At home with colourful Wellington oil painter Jane Blackmore
Jane Blackmore has been painting in oils for 25 years. Her work is well-known to fans of her landscapes, seascapes and florals, but Jane is anticipating a move.
Words and photos: Lee-Anne Duncan
Jane Blackmore’s commute from her coastal cottage to her seaside studio must be one of the country’s most picturesque.
For 10 minutes she zips along in her beloved 1300 Austin, the khaki-coloured car matching the pohutukawa trees lining her route until she gets to the Shelly Bay studio that she shares with fellow artist Juliet Best.
“When I first came to Wellington 15 years ago, I remember driving around here – even before I thought about moving to Wellington – and thinking, ‘I’m going to end up living here. It feels like home’,” she says, sitting at her Worser Bay kitchen table.
“There was just something about Wellington and the eastern suburbs. I felt totally at home. It was just perfect.”
While Jane says she doesn’t take direct inspiration from the sea view across to the Remutaka Ranges, her oil paintings are generally landscapes, “lakescapes” and seascapes, or more latterly florals; abstract in moody colours and blended brushstrokes.
She’s been painting in oils since she began exhibiting at 20. But that was as an amateur; Jane’s profession then was cooking, having qualified and excelled as a chef.
“I’ve always wanted to be top of my game, and at that time, my game was to be a celebrity chef – the whole thing enthralled me. I was working in London, and my boss took me to Gary Rhodes’ restaurant, and I met him. I was star struck.
“But I wasn’t a party girl, and I couldn’t keep up. Then one of our chefs had a heart attack – he was on the ground in front of me – and I was told to keep cooking, even as I rang for the ambulance. That was a turning point for me…”
Back in New Zealand, Jane spent a few years “pottering” in Nelson where she had grown up, working in a much more relaxed café, painting on the side.
“But I felt that I needed to study if I wanted to be successful and happy with the art I was making. So, I went to the Nelson Institute of Technology – three solid years of learning the traditional method of painting.
“It gave me what I was looking for and made me realize painting was what I wanted.”
After graduating aged 30, Jane moved to Wellington and set up her studio, first in Newtown and then elsewhere in Shelly Bay before moving into her current location and combining with Juliet.
Wherever she was, Jane’s studio door was always open. “I wanted to engage with my clients, and I was getting more confident talking about my work in a language that’s my own but is inclusive of everyone. I love talking to the young couple buying their first piece of art as much as the people who have bought several of my paintings.”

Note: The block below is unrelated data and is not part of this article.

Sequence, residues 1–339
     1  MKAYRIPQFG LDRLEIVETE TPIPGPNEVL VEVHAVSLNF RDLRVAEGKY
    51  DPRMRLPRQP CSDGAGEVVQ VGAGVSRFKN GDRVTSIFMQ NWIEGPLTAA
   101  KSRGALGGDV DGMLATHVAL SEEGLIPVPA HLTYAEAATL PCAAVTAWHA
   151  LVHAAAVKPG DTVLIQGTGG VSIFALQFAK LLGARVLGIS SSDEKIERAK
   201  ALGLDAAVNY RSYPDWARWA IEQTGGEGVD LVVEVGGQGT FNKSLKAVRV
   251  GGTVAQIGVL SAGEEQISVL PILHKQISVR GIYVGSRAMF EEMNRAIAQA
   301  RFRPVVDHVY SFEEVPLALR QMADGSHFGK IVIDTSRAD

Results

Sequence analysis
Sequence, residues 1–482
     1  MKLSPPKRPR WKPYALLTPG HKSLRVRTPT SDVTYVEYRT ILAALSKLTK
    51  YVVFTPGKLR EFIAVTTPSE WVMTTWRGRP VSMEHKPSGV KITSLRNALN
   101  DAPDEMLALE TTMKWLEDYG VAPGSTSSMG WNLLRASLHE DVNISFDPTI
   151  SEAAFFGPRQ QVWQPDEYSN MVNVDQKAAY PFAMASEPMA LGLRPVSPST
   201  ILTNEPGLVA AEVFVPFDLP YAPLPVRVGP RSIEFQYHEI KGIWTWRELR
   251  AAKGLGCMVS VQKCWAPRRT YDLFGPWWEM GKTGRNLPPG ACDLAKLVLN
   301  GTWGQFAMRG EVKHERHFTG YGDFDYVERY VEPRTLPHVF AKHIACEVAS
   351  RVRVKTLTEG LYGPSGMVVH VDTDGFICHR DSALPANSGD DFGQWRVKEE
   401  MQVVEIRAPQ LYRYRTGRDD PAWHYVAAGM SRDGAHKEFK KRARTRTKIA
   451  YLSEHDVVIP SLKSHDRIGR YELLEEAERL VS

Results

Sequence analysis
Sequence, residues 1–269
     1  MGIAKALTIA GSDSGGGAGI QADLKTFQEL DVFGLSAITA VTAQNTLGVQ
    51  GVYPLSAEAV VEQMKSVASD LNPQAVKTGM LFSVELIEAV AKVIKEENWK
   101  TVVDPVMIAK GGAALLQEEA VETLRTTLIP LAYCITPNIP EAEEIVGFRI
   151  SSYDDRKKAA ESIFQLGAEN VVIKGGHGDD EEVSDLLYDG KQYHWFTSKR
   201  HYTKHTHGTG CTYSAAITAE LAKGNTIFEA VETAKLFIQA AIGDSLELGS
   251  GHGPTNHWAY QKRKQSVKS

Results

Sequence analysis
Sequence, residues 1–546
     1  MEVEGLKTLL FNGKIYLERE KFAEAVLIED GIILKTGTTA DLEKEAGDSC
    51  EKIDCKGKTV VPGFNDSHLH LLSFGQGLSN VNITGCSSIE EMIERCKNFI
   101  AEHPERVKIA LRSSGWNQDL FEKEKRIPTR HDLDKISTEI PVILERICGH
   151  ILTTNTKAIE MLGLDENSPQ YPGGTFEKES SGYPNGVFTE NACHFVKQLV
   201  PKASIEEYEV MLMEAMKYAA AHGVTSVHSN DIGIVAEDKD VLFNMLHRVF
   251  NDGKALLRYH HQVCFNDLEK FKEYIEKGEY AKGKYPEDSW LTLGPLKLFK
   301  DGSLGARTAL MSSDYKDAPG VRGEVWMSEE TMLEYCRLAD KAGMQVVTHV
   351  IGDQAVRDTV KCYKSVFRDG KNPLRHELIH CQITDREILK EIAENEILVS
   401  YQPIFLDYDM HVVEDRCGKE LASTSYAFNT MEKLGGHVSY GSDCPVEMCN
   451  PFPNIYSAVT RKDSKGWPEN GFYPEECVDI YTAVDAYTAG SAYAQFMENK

Over the years, Jane has moved from very abstract, to impressionism, to landscapes and then florals – always working from memory, or a feeling of a memory, rather than photographs.
“I’ve loved making landscapes – Lakes Wanaka and Hawea are favourites – and people have connected with them. But to keep myself fresh, I needed to jump into something else, which is frightening because if you’re known and loved for something, it’s scary to recreate your story.”
Oil paint has always been her medium. She squeezes paint from large tubes and applies to a canvas hung on her studio wall – no easel, or even much of an apron, for her. “I’m a very tidy painter,” she says.
“I like making a mark. It’s such a primal thing. You make a mark, and then you intuitively make decisions along the way on how you can change that mark.”
The two-bedroom cottage Jane shares with her husband Alan Hucks and daughters Violet (11) and Olive (7) can best be described as cosy. But what the cottage lacks in space it more than makes up for in history.
Built in the 1880s, it was one of the earliest houses in the area and shows up in many historical photos of the time. Alan’s mother, Margaret, bought it in the 1970s, and it’s where Alan and his three siblings grew up. Alan and Jane bought into the house six years ago. (Margaret now lives next door in an Ian Athfield home – she also owns another Ian Athfield that clings to the cliff behind Jane and Alan’s home.)
“It’s like a family compound around here,” says Jane.
“But this house has such a great feel. So many people talk about spending time here when they were young; running across to have a swim and running back, sleeping over. There’s not a bad bone in this house. It seems to be where everyone comes when they need a safe place.”
Perhaps because of that, Jane and Alan resisted the urge to remodel completely when they recently refreshed their home. While they designed and installed a new kitchen, they merely spruced up everything else, including the 40-year-old cedar conservatory and the bathroom.
“It didn’t feel right to start knocking things down. And I wasn’t allowed to touch the naked lady wallpaper in the bathroom. That must be over 45 years old,” says Jane.
There’s plenty of art, of course; some of it Jane’s, much of it swapped with artist friends. And lots of collections – Māori dolls and toy soldiers, for example. “My husband is a collector of everything. This place is chokka,” says Jane.
Jane’s artistic brain is also chokka, and she must be one of the country’s most prolific artists, with her art available in pretty much every main centre and online. But after 25 years of painting mostly landscapes and flowers, she senses a new stage approaching.
“Even with being creative, it can feel a bit like Groundhog Day, so this year I’m spending some time to think about what to paint next. Whatever that is, it’ll still be something that allows me to connect with the people who love my work. That’s the best thing.”
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